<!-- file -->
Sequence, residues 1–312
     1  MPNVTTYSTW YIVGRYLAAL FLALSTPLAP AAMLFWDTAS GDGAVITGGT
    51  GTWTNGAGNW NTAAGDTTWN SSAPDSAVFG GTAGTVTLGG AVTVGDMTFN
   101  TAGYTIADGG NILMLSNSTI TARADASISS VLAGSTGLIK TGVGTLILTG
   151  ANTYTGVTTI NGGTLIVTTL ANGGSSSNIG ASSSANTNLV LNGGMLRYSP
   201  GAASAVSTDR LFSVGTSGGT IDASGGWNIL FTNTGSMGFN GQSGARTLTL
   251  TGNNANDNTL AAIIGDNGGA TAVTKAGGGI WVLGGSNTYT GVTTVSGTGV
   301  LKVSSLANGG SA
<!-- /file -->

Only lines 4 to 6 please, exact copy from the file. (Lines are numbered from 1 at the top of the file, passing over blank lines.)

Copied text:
   101  TAGYTIADGG NILMLSNSTI TARADASISS VLAGSTGLIK TGVGTLILTG
   151  ANTYTGVTTI NGGTLIVTTL ANGGSSSNIG ASSSANTNLV LNGGMLRYSP
   201  GAASAVSTDR LFSVGTSGGT IDASGGWNIL FTNTGSMGFN GQSGARTLTL